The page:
Kishida and nuclear disarmament / Japan PM Kishida’s 8-year-long appeal for nuclear transparency

The Yomiuri Shimbun
Prime Minister Fumio Kishida leaves for New York to attend the Review Conference of the Parties to the Treaty on the Non-Proliferation of Nuclear Weapons at Haneda Airport in Tokyo on Sunday evening.

As the world faces a growing nuclear threat exacerbated by Russia’s invasion of Ukraine, among other factors, this series explores the strategy and prospects of Prime Minister Fumio Kishida’s nuclear disarmament-related diplomacy. This is the first installment in a three-part series.

“The hurdles to reaching an agreement are getting higher, but the importance of reaching an agreement is rising, too,” Prime Minister Fumio Kishida said recently.

These words reflect Kishida’s commitment to achieving results as he prepares to attend the Aug. 1-26 Review Conference of the Parties to the Treaty on the Non-Proliferation of Nuclear Weapons (NPT) in New York.

Kishida, whose home turf is Hiroshima, has lauded the ideal of a “world without nuclear weapons” posited by then U.S. President Barack Obama during a speech in Prague in April 2009. But the prime minister has distanced himself from the Nuclear Weapons Convention, which bans outright the possession of nuclear weapons, instead placing priority on strengthening the NPT regime.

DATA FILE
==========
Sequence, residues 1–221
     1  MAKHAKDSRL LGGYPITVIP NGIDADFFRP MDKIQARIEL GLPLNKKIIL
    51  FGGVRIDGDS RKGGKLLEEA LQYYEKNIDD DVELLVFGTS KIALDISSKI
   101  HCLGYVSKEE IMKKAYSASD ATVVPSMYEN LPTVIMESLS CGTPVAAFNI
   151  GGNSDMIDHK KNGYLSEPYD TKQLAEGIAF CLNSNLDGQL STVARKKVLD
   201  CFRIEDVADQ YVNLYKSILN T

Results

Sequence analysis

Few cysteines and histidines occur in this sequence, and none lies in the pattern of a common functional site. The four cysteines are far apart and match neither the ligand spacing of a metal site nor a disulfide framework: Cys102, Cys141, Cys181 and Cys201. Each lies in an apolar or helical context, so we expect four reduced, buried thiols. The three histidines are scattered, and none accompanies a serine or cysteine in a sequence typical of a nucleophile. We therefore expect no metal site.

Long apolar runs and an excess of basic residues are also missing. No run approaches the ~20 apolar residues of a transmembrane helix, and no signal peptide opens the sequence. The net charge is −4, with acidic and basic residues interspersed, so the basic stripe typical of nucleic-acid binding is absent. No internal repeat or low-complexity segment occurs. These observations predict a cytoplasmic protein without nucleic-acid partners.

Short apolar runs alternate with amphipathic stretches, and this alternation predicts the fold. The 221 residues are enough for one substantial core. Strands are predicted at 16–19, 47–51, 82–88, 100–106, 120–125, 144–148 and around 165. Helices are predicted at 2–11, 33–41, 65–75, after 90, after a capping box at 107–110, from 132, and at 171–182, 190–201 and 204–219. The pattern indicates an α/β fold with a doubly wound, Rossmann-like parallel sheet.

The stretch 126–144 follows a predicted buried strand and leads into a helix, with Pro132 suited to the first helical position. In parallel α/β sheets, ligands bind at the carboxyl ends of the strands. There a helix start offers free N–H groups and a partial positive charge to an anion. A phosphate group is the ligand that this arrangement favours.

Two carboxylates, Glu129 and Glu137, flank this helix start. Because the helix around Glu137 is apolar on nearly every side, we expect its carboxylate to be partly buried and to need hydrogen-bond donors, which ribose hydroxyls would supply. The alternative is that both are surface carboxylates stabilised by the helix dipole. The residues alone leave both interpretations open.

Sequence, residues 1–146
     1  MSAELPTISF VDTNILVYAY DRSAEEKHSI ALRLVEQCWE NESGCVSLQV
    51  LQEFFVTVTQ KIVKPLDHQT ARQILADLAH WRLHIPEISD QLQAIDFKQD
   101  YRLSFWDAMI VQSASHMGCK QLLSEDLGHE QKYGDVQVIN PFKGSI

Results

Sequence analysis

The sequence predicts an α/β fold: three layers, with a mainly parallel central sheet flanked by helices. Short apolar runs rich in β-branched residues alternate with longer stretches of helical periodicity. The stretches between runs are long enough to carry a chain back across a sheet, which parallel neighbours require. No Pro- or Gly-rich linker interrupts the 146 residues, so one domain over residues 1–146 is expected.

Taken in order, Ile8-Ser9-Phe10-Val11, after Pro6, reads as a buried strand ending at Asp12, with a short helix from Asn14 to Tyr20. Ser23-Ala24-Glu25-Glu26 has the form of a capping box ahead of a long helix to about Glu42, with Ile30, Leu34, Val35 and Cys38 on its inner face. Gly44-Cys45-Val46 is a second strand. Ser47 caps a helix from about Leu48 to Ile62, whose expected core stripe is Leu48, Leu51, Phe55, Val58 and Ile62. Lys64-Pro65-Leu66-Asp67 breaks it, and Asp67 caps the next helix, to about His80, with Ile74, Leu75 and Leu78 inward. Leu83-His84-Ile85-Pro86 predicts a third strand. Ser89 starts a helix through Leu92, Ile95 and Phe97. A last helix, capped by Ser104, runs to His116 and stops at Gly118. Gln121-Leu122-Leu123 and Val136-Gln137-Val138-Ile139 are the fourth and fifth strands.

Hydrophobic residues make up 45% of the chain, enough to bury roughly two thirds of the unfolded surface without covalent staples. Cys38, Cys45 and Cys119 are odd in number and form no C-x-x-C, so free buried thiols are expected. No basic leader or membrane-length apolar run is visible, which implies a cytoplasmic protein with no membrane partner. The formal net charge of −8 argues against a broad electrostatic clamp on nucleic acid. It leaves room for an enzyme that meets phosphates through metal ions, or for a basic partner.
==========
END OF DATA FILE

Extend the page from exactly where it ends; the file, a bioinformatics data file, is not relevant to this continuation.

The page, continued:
The nuclear powers of the United States, Britain, France, China and Russia have not joined the Nuclear Weapons Convention, neither have U.S. allies such as Japan and South Korea.

Many of the countries that have ratified the convention are not directly exposed to the threat of nuclear weapons, such as nations in Latin America and Africa.

But given that the five nuclear powers listed above are signatories to the NPT, it is possible to encourage them to reduce their nuclear arsenals within the NPT framework.

There have been concerns about the hollowing out of the NPT for some time now: India, Pakistan and Israel, which possess nuclear weapons, have not signed up to the NPT, while North Korea declared its withdrawal from the treaty in 2003 and stepped up its nuclear development.